“X-Men: Days of Future Past” steamrolled the competition on its way to an estimated $90.7 million three-day Memorial Day weekend haul in North America, and added a huge $171 million from overseas for a whopping $261 million first weekend globally.
Fox’s Marvel Comics-based mutant mashup still has Monday to go, and should wind up with around $107 million domestically over the long holiday weekend. Last week’s No. 1 movie, “Godzilla,” was running a distant second with an estimated $30.5 million, and a likely $39 million for the four days. The weekend’s only other wide opener, the Adam Sandler-Drew Barrymore comedy “Blended,” failed to ignite and was battling “Neighbors” for third place with around $14 million for the three days.
Fox rolled out “Days of Future Past,” which was produced for $200 million, in 100 foreign countries this weekend, including China, the U.K., Russia and Mexico. It’s the highest-grossing opening weekend ever for an “X-Men” movie globally, and is the studio’s biggest international opening ever, ahead of “Avatar.”
It’s the fifth time in the last eight weeks that a Marvel Comics-based movie has topped the U.S. box office, coming on the heels of “Captain America: The Winter Soldier,” which had a three-week run at No. 1 in April, and “The Amazing Spider-Man 2,” which kicked off summer on top earlier this month. Neither the Marvel superheroes nor “Godzilla” have been able to crack the $100 million mark with their openings however, though all have topped $90 million.
The domestic opening for “Days of Future Past” is the second-best in the 14-year-old franchise’s history, behind only “X-Men: The Last Stand,” which brought in $102 million over three days on Memorial Day weekend in 2006, and $122.8 million over the four days.
Fox marketers made the most of the time-travel plot of “Days of Future Past,” highlighting the combined casts of the original “X-Men” trilogy with the 2011 reboot “X-Men: First Class.” Hugh Jackman and Jennifer Lawrence top an ensemble that includes James McAvoy, Michael Fassbender, Halle Berry, Anna Paquin, Ellen Page, Nicholas Hoult, Patrick Stewart, Ian McKellen and Peter Dinklage. Simon Kinberg, Jane Goldman and Matthew Vaughn are the writers.
The critics were sold (91 percent positive on Rotten Tomatoes) and audiences have been too, awarding it an “A” CinemaScore. Director Bryan Singer largely skipped the promotional push on the film, and concerns that his legal problems would hurt the film commercially evaporated.
Legendary Pictures and Warner Bros.’ “Godzilla” took a considerable 67 percent second-week drop from its $93 million debut last weekend, and becomes the fourth movie in a row to be No. 1 and done after a week on top, following “The Other Woman,” “Amazing Spider-Man 2” and “Neighbors.”
It was in 3,952 theaters, nearly as many as the 3,996 as “X-Men,” and all of the Imax theaters. But its per-screen average was less than half of the $7,365 that the mutants managed. Still, “Godzilla” has taken in $156 million domestically and more than $300 million in just two weekends.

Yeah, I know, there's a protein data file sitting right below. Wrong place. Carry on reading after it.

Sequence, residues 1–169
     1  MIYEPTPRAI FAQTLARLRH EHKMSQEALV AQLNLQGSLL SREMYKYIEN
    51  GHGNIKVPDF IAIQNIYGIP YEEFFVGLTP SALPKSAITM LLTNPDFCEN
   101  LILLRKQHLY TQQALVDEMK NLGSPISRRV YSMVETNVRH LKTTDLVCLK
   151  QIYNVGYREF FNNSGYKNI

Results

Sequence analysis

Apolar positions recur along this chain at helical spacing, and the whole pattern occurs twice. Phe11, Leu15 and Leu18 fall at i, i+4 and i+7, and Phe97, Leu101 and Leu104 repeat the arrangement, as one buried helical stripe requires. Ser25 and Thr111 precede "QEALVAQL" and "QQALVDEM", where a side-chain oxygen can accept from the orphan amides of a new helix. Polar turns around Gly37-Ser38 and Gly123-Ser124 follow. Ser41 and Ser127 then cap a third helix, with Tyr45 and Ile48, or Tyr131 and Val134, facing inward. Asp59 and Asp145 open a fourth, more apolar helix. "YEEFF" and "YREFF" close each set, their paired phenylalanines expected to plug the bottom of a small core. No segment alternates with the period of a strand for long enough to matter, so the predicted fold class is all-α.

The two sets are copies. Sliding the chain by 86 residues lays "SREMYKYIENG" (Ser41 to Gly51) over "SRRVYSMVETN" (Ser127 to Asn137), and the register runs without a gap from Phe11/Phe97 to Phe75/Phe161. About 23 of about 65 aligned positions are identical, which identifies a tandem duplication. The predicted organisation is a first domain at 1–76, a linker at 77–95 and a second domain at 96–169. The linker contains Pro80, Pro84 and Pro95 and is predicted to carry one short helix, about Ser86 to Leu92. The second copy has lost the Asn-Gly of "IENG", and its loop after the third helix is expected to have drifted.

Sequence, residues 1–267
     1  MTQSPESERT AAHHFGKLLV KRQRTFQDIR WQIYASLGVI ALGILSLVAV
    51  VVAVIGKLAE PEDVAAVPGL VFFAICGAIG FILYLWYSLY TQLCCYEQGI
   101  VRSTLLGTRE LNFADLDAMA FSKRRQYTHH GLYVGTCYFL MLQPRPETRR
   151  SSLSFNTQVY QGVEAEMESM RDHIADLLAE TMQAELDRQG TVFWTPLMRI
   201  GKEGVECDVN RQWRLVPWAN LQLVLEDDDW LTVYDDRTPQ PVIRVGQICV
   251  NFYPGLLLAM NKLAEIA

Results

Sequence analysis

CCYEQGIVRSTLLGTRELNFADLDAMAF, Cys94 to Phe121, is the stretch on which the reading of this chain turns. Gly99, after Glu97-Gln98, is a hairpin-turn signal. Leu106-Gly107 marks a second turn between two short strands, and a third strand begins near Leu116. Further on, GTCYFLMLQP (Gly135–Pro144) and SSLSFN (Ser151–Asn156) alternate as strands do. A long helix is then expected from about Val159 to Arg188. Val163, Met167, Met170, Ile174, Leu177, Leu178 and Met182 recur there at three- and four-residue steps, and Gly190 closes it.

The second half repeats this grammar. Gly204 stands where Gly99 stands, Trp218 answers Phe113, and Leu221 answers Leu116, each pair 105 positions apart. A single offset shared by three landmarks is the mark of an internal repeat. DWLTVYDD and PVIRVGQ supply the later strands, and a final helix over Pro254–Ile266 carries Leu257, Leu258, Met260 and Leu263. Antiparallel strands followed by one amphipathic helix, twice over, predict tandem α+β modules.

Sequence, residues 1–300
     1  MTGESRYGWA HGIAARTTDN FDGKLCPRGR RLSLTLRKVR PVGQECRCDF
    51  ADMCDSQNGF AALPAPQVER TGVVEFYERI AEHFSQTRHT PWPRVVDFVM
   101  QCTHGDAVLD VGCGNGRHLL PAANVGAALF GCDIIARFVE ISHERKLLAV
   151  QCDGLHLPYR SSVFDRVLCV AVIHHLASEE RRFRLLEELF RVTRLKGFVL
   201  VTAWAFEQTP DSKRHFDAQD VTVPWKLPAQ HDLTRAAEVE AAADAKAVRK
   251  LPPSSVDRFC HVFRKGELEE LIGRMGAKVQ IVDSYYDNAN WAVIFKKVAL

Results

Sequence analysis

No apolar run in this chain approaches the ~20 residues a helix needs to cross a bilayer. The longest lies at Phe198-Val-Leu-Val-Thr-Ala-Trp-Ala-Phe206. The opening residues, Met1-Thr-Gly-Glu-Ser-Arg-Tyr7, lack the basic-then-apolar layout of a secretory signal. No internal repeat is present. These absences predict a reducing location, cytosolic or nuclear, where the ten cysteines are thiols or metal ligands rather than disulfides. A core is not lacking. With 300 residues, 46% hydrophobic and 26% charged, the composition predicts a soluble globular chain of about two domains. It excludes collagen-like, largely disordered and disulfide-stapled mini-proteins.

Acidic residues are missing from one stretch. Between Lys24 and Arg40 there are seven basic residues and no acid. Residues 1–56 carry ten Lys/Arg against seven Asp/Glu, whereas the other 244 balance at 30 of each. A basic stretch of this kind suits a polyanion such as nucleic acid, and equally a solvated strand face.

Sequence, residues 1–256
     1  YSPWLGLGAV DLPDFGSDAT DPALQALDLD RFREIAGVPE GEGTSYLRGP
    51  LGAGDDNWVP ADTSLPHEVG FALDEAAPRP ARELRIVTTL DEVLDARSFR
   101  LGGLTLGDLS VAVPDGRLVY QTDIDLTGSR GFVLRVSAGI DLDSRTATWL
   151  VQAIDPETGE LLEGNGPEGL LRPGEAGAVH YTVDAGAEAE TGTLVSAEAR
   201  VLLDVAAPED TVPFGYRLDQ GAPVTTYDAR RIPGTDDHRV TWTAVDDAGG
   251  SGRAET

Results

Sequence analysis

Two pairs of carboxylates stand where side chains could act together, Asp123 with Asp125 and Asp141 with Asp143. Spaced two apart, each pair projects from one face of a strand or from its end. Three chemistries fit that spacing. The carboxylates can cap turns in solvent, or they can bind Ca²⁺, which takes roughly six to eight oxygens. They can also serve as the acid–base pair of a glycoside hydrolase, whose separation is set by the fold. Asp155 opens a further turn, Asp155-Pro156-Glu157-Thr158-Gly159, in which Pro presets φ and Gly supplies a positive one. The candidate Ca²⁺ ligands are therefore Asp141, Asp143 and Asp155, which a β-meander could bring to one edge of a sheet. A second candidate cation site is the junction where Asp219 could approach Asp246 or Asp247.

The PG-13-rated “Blended,” which re-teamed the two stars from “The Wedding Singer” and “50 First Dates,” failed to connect with critics (15 percent positive on Rotten Tomatoes). It did better with moviegoers, who gave it an “A-” CinemaScore, but not enough of them turned out to make “Blended” a hit.
It was produced for around $45 million, so it’s not a financial disaster for Warner Bros. or Sandler’s Happy Madison Productions, but it’s among Sandler’s worst openings ever. It’s a little over the $13.4 million “That’s My Boy” managed in 2012, but way under the $25 million that “Jack and Jill” debuted to in 2011. And it wasn’t even half of the $39.8 million that “50 First Dates” opened to, but that was a decade ago.
“The Amazing Spider-Man 2” and Disney’s “Million Dollar Arm” were fifth and sixth.
Sony’s Marvel superhero sequel will take in just under $8 million for the three days and around $10 million for the four days, which would raise its domestic total to more than $185 million. With another $11.2 million from overseas this weekend, the Columbia Pictures release is the highest-grossing film of the year internationally with $489 million, and its global total is a whopping $675 million after four weeks.
The Jon Hamm baseball movie should come in at around $8 million for the four days, which would put it at $22 million domestically after two weeks.
“The Other Woman” and the animated musical “Rio 2,” both from Fox were next, followed by Open Road’s “Chef.” The Jon Favreau food truck comedy broke into the top ten in its expansion into 498 theaters and is looking at nearly $3 million for the four days. It’s per-screen average was $5,830, better than any movie except the two leaders.
Overall, the holiday weekend was running well behind last year’s, when “Fast and Furious 6” brought in $117 million over the four days to beat out “The Hangover Part III,” which took in $50 million.